PROVO — It's a disease that's estimated to strike as many as 15 million Americans, but nearly two-thirds of them are not getting help.
It can be life-threatening if left untreated, yet some insurance companies won't pay the medical bills. Many sufferers think they brought the illness upon themselves, and family and friends often tell them all they need is more will power to get better.
Few diseases encounter the misconceptions and myths that surround mental illness, one of the topics selected as a focus of Brigham Young University's Families Under Fire conference. The conference brings LDS Church members together to learn about topics affecting their families.
This year's opening address on mental illness and families was given by Elder Alexander B. Morrison, an emeritus member of the Quorum of the Seventy of The Church of Jesus Christ of Latter-day Saints who wrote "Valley of Sorrow."
The book addresses coping with mental illness from an LDS perspective.
Although not a mental-health professional, Morrison, the father of a mentally ill daughter, has dealt with many of the issues surrounding mental illness. In his address, he focused on the myths and misconceptions surrounding mental illness, including some specific to the LDS population.
"People tend to believe that a priesthood blessing is all you need — just go get a priesthood blessing and you'll be fine," Morrison said in an interview after his address. "Priesthood blessings don't cure all cancers or all heart disease. Why would we think that all you need is a priesthood blessing if you are mentally ill?"
Morrison said that members who suggest only a spiritual action often do more harm than good, especially if the person who is mentally ill already struggles with his or her self-perception.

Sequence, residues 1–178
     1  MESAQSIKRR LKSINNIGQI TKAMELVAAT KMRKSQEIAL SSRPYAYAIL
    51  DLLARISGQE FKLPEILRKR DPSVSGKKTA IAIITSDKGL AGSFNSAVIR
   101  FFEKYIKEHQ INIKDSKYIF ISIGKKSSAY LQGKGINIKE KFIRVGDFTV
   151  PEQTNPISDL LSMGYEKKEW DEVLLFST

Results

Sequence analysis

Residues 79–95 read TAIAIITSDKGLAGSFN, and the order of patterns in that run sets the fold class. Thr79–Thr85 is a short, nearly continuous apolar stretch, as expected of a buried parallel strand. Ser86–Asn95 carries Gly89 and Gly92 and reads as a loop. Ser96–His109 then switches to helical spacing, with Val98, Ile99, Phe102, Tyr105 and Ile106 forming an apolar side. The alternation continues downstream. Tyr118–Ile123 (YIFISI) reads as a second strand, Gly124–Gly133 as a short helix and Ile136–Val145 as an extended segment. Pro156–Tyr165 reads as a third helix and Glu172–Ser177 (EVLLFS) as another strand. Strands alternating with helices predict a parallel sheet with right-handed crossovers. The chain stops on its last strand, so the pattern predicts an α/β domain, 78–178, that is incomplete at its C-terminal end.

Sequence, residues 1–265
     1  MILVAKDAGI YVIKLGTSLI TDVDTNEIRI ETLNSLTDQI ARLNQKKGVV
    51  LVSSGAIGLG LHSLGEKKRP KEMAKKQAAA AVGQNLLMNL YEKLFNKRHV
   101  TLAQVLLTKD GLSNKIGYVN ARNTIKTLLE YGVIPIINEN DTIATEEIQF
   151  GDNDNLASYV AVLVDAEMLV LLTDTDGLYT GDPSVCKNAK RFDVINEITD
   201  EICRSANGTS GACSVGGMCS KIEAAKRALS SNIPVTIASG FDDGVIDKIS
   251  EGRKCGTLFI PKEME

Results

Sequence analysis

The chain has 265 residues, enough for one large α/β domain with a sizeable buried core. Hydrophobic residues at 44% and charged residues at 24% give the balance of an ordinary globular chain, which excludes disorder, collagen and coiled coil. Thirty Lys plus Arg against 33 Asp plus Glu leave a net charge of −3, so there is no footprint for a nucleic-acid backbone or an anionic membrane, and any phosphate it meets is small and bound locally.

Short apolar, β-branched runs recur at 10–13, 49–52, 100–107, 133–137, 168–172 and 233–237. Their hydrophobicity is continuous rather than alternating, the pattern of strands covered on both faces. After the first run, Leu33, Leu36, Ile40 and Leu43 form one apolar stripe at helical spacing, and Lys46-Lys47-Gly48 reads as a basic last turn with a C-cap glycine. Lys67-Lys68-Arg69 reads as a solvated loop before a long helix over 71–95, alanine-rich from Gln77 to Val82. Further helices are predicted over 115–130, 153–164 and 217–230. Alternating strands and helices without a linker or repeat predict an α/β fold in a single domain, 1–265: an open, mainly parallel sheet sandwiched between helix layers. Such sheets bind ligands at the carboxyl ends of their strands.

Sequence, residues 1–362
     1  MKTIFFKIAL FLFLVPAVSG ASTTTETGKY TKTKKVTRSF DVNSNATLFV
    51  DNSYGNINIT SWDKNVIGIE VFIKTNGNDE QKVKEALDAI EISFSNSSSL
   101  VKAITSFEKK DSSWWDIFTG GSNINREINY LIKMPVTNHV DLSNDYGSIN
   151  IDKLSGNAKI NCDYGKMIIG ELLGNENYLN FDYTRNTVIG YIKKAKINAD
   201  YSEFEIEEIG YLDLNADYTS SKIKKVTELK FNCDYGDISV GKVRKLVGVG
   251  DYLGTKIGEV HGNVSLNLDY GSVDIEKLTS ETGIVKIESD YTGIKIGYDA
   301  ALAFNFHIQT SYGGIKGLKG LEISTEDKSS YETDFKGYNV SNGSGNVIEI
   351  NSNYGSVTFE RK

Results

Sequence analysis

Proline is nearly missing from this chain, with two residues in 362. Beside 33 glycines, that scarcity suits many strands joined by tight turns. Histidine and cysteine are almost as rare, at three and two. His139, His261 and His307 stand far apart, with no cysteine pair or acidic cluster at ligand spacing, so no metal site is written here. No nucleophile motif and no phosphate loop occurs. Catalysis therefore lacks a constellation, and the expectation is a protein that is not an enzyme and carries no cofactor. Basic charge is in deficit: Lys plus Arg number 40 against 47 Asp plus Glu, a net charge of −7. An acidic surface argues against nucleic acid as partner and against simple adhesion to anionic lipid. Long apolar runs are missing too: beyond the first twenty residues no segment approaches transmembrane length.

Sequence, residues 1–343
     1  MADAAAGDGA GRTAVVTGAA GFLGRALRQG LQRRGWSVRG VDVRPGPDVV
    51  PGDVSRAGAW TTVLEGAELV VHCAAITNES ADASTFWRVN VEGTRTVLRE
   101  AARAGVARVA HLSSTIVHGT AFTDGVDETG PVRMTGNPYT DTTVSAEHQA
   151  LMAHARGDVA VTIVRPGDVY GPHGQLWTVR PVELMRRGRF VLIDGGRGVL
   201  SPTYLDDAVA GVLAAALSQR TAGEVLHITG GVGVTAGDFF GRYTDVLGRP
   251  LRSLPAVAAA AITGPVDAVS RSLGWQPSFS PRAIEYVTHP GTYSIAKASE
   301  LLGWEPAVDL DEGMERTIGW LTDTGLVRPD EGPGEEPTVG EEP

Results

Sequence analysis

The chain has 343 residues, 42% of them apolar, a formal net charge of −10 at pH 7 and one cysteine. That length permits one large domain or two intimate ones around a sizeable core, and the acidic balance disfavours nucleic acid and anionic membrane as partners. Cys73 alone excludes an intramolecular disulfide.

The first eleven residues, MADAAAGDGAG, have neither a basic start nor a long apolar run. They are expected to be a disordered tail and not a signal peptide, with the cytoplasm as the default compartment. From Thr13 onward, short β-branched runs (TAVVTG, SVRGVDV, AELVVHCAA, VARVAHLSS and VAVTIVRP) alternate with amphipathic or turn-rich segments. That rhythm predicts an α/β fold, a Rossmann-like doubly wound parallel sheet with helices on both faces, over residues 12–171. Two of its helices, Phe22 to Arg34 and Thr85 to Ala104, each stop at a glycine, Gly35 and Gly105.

"When that kind of stuff is presented to the mentally ill —'All you need is a priesthood blessing' — and then it doesn't work, then they just get cynical, they get discouraged and think, 'Well, either God doesn't want me, I'm useless to him.' "
Morrison said those affected by mental illness cannot rely solely on bishops for healing but require treatment from heath-care professionals. He said church members who believe the problem is spiritual are mistaken.
"It must be emphasized that in many instances, aberrant thoughts, actions and behaviors result from mental illness and not from sin," Morrison said. "They come from disease, not transgression. They are not God's way of punishing the sinner."
Morrison said he doesn't think LDS people have more misconceptions than the general public does about mental illness — but they don't have a better understanding either.
"I wish Latter-day Saints were more sensitive and understanding and compassionate, and that's coming, but to think that we're immune from the general prejudices of society would be foolish," he said. "We're not."
He said educating church leaders is part of the solution.
"You shouldn't try to make (bishops) into mental-heath professionals, but what you can do is help them to know what the symptoms are and know enough to differentiate between those suffering from sin and those suffering from disease," Morrison said. "Then they can take those suffering from disease and refer them to a mental-health professional."
Training incorporating those principles has been conducted in LDS regional church welfare meetings in Utah for two years, according to Jay Fox, a BYU professor and Utah board member for the National Alliance for the Mentally Ill. He helps coordinate such meetings.
"It starts out with a professional talking about the nature of the illness, then we use Elder Morrison's talk; we talk about the stigma created by the misconceptions, then we have a family member talk about the impact on the family, then we talk about resources available for priesthood leaders," Fox said.
Morrison said time is what's needed to change perceptions about mental illness in the church, as well as in society.